Study Finds No Support for Purported Side Effects of PPIs

By Reuters Staff

November 14, 2019

NEW YORK (Reuters Health) - Proton-pump inhibitor (PPI) use is not associated with an increased risk of dementia, pneumonia or intestinal infections, and an association with chronic kidney disease (CKD) was likely due to residual confounding, new research suggests.

"We performed a cross-sectional analysis using a nationwide database to confirm a lack of association between purported PPI-related adverse events and PPI exposure that supports recent evidence," Dr. Nauzer Forbes of the University of Calgary in Alberta, Canada, and colleagues write in Gastroenterology, online October 31.

PPIs are one of the 10 most commonly prescribed drugs, and are also available over the counter, the authors note. While several studies have linked PPIs to adverse outcomes, they add, much of this research is based on observational data. A randomized controlled trial recently found no association between PPIs and these adverse events, aside from intestinal infections.

To determine whether previous reports of adverse outcomes were biased, Dr. Forbes and colleagues looked at data from the National Ambulatory Medical Care Survey for 2006-2015, including nearly 7.9 billion weighted observations. About 7.7% of patients were on PPIs.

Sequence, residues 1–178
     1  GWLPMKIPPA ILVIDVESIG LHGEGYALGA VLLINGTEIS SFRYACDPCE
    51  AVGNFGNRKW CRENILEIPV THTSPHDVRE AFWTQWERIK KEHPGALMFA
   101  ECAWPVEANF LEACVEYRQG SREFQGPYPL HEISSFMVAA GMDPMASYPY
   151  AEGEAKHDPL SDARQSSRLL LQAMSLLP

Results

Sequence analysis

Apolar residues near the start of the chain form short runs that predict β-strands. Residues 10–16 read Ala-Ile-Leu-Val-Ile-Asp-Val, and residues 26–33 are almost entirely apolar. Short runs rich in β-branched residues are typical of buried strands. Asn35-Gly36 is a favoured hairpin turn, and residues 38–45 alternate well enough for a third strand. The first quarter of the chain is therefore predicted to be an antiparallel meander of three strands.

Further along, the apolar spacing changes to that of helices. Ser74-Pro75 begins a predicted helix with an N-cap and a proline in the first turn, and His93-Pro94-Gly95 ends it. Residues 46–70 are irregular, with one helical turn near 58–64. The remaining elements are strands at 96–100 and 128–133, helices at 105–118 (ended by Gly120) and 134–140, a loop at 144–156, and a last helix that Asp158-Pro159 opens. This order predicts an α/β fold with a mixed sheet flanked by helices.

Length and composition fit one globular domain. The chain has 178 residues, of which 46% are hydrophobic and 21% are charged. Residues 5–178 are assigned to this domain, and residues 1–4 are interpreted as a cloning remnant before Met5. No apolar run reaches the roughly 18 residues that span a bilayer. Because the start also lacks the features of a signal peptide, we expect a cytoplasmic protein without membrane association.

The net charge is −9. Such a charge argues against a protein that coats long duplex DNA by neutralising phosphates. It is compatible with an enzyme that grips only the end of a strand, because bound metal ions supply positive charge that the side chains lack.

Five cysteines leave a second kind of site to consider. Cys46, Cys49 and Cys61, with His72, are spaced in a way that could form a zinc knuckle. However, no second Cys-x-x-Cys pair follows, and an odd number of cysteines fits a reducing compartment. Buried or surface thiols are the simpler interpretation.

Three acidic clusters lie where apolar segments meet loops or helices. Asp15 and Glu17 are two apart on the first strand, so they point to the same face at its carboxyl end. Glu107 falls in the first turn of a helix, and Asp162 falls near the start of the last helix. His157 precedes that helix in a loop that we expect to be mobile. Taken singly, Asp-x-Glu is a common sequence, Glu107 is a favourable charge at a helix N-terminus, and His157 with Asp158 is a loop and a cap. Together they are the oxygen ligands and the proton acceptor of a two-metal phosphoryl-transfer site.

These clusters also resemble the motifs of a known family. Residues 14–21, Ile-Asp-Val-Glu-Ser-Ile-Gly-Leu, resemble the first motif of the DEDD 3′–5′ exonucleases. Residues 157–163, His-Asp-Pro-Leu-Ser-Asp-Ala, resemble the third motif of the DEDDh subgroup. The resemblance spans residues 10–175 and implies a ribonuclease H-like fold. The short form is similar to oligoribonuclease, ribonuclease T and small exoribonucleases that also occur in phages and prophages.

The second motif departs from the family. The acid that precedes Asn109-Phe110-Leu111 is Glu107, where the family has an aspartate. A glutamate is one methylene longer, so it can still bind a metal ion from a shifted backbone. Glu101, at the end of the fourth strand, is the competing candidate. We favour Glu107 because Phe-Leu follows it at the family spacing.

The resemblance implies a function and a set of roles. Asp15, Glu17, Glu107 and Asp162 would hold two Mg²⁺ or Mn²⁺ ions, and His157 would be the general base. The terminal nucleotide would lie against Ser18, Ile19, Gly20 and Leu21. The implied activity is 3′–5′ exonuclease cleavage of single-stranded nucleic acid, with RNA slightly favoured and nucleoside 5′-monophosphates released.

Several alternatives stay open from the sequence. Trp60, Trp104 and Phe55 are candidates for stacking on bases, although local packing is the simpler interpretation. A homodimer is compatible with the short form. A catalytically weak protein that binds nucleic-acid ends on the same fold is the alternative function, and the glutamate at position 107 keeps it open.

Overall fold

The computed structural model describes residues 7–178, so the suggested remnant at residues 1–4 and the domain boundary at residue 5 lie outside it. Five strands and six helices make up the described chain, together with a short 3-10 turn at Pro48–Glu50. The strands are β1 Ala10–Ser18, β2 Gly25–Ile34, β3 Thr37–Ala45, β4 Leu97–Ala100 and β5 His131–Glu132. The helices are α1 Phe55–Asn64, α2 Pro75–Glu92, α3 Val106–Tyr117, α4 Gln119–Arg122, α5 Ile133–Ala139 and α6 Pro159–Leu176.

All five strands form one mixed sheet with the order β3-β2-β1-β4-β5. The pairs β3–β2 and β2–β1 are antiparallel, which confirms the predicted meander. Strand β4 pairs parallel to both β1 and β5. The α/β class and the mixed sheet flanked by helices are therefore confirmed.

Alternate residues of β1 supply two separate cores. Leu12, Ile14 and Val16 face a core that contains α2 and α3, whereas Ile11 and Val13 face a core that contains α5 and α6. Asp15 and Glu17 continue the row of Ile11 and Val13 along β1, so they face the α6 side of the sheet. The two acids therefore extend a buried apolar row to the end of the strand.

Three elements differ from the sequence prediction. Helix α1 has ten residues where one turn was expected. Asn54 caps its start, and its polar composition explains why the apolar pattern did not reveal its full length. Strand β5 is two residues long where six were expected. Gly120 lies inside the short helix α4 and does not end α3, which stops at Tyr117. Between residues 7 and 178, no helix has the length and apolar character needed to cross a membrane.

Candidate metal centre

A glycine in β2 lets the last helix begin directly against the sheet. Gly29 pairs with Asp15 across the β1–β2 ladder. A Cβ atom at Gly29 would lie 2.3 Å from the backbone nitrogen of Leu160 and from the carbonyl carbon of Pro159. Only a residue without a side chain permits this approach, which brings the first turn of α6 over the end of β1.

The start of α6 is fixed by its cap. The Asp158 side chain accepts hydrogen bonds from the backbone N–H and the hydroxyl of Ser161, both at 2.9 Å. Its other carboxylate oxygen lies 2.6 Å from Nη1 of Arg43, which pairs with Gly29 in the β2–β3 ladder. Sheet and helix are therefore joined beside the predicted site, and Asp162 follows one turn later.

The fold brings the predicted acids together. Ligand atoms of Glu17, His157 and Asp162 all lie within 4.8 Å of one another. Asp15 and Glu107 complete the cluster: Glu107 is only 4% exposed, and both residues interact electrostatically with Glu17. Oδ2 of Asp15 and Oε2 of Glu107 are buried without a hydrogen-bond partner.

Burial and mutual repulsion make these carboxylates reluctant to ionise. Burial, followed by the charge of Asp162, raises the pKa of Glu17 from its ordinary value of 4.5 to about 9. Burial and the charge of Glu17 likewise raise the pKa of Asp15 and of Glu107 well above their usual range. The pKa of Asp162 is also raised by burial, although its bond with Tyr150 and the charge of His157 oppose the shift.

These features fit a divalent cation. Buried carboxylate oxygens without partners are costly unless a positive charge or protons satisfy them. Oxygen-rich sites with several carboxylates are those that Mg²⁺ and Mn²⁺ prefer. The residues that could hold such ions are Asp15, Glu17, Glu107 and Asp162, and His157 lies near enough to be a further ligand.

The researchers also looked at the risk of adverse outcomes in patients on angiotensin-converting enzyme inhibitors, statins, calcium-channel blockers (CCBs) or beta-blockers.

Multivariable analysis found no association between concurrent PPI use and dementia, pneumonia or intestinal infections, although PPIs were significantly associated with CKD (adjusted odds ratio, 1.26). Statins, CCBs and beta-blockers were also associated with increased CKD risk.

"It is extremely unlikely that all these medications increase the risk of CKD, and therefore likely these findings are due to residual confounding," Dr. Forbes and colleagues state.

A non-significant trend toward an increased risk of intestinal infections was seen with PPIs, but not the other drug types. Sensitivity analysis showed this association was only present for Clostridium difficile.

"Previously reported disease associations are generally weak in magnitude, lacking in biological mechanistic plausibility, and prone to retrospective biases," the authors note. "Nevertheless, we recommend, as others have, that those who prescribe or consume PPIs do so for appropriate indications, at lowest possible doses, and for the shortest possible durations."

The study had no funding, and the authors report no conflicts of interest.

SOURCE: https://bit.ly/34UBPsL

Gastroenterology 2019.

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